Mother Teresa looked at her and said, "Now, pack up and go home.  Go home and give joy, love, and peace to your parents."  Then Mother Teresa wrote,
She went home radiating joy, because her heart was filled with joy; and what joy she brought her family!  For if we want others to become aware of the presence of Jesus, we must be the first ones convinced of it.

Peter steps out of the boat.  What's going through his mind?  What would be going through your mind, as you hoisted one foot and then the other over the side of the boat and stepped out on the raging surface.  Would you be asking yourself, "Can I do this?  Am I convinced of that?"

In order to get to the answer to that question, the only way you are going to find out is if you get out of the boat.  And you aren't going to get out of the boat unless you are convinced.  When I'm thinking about some huge project or challenge that I'm facing, I assess my own abilities and strengths.  I compare those assets to the challenge in front of me.  "Can I do it?"

That's what Peter did before and during the point he stepped out on the lake's surface.  He heard and felt the wind.  He took a bracing gulp as he felt the cold water on his feet.  But he also had to be measuring his own faith against the power of the waves.  He's being forced not only to see the waves; he's also seeing his answer to the question, "Can I do this?" and his answer is "No."  That's when he sinks.

If we're honest, that's most of our answers.  Most might risk getting out of the boat, but at the same time that voice in our heads is saying, "I can't do this."

And that's exactly what Jesus wants us to find out.  Focusing only on ourselves we are incapable of handling the chaos of the world.  We ask ourselves the question, "Can I do this?"  No, you can't.  But if you asked the right question, "Can WE (me and Jesus) do this?"  The answer is, Yes.

When Peter began to sink, the story tells us that "right away" Jesus reached out and grabbed Peter, keeping him from sinking.  To his credit, Peter walked out and got close enough to Jesus that Jesus could reach out to him.  Jesus' hand is always ready to catch those who risk coming out into the chaos of the world to meet him and do his bidding—even though we may get over our heads.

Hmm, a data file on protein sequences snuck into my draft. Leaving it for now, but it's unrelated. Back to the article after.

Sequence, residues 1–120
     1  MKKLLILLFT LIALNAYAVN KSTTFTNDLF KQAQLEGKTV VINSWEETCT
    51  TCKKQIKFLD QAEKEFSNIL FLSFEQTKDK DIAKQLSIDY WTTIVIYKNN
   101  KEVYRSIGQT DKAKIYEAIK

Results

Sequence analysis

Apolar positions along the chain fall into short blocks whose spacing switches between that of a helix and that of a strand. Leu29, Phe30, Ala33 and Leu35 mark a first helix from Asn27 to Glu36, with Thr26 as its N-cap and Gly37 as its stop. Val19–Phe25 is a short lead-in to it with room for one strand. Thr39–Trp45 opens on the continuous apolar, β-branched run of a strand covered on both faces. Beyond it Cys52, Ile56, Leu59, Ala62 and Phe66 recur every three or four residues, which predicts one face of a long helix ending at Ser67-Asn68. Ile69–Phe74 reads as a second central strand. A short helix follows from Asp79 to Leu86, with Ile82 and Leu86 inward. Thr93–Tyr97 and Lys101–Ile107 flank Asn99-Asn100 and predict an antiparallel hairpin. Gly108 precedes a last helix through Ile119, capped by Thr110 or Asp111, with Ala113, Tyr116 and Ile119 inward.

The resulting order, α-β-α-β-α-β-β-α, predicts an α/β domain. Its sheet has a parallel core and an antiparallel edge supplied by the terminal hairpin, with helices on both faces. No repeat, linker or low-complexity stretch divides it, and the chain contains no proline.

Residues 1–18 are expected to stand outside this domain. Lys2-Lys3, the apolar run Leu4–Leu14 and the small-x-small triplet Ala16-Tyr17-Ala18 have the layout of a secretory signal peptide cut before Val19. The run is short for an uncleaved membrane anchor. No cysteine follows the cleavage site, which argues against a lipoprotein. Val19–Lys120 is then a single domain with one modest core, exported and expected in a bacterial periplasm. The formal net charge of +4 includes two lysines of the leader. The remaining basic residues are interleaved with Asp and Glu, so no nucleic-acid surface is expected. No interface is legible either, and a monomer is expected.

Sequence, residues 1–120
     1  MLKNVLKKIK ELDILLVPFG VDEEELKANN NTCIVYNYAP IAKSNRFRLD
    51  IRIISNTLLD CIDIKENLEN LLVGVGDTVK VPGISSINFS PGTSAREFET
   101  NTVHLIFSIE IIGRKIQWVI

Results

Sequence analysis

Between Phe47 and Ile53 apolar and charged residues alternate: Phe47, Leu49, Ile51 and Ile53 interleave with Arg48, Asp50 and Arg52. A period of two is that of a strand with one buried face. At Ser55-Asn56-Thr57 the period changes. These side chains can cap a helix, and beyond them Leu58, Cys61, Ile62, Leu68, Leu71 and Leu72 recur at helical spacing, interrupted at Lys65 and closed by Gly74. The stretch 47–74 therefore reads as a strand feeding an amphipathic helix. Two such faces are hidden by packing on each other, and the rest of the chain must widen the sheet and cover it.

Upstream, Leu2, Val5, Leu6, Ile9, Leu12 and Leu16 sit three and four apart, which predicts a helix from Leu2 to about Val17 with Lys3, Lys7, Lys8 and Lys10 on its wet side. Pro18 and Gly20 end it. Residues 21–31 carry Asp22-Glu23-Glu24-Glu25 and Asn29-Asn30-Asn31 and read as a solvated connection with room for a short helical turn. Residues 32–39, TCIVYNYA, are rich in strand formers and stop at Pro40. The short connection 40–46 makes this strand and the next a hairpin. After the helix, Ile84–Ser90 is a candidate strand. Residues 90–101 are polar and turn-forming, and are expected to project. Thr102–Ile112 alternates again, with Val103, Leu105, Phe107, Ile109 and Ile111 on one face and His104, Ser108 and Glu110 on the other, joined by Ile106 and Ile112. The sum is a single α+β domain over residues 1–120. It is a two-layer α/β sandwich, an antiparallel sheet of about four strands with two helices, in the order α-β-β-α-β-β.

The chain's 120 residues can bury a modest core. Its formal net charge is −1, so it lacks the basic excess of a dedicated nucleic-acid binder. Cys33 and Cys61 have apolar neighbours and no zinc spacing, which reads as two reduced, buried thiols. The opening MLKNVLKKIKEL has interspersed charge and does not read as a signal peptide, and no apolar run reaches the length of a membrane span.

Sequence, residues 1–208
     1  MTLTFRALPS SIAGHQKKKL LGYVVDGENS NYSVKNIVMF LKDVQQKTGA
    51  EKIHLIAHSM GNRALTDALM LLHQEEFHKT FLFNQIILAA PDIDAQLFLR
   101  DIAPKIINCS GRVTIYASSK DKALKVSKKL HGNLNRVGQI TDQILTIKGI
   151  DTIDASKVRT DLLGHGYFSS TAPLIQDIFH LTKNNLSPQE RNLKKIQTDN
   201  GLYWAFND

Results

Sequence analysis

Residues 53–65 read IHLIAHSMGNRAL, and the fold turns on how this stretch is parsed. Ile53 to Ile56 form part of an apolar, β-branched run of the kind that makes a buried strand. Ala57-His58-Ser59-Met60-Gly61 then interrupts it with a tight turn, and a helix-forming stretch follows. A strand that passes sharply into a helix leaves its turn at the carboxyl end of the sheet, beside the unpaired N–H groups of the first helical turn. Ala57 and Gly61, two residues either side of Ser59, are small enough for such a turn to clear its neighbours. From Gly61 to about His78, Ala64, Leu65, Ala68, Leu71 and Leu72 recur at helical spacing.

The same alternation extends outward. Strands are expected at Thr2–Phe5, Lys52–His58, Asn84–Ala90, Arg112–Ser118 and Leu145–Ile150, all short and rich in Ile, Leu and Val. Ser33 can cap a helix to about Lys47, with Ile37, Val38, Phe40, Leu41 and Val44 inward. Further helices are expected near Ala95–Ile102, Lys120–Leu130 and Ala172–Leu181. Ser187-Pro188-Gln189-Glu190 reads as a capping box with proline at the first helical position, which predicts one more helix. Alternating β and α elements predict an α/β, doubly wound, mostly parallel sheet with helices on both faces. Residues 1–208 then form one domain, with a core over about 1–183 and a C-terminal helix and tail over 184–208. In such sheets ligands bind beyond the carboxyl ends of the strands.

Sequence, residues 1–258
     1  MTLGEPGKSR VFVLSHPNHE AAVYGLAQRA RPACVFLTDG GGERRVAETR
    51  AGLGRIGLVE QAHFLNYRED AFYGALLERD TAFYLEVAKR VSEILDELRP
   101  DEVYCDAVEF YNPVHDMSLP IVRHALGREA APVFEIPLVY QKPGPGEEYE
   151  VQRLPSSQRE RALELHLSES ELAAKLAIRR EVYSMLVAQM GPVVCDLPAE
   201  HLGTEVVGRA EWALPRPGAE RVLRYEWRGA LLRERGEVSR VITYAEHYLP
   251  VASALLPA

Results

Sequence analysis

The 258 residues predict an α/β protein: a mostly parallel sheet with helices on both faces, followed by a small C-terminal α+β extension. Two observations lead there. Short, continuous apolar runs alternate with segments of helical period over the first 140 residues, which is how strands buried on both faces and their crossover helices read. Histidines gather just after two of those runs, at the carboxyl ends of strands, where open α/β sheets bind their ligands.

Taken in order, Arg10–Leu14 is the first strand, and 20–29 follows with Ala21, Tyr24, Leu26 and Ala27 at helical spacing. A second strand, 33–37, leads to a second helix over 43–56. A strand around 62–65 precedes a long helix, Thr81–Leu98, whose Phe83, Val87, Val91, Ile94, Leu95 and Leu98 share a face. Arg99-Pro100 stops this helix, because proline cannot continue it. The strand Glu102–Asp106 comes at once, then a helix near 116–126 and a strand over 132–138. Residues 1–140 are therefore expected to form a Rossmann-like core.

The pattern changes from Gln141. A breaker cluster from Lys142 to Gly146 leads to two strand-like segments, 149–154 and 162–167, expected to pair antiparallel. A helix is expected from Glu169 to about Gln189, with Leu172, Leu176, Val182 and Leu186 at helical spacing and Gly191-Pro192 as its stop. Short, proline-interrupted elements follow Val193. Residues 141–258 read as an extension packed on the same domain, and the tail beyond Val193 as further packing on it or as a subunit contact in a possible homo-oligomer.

After Jesus grasps Peter they have a brief conversation.  "Why did you doubt?" Jesus asked.  The answer is fairly obvious, and Jesus wanted Peter to struggle with the answer.  Peter focused on the wrong question:  "What can I do?" rather than the right question:  "What can WE do?"  Peter focused on the storm and decided he wasn't going to measure up to that.  Had Peter kept his focus on Jesus, the storm wouldn't have mattered.  Peter was so close.

And here's a bit of a twist.  What if Jesus didn't ask his question to Peter, but to the disciples still inside the boat?  What if Jesus was asking why they doubted, and showed that doubt by not getting out of the boat as Peter did?  Then Jesus' question becomes our question—aimed at those who are too afraid or doubting to take their faith outside of the boat, outside the walls of the church, and into the chaos of the world.

Do you want to walk on water?  In other words, do you want to express your faith and not your doubt?  Do you want to be out there where Jesus is, even if it is a scary place to be?  Do you want to be more than yourself, and be that self with Jesus at your side as your strength?  If you want to walk on water, then you'll have to step out of the boat.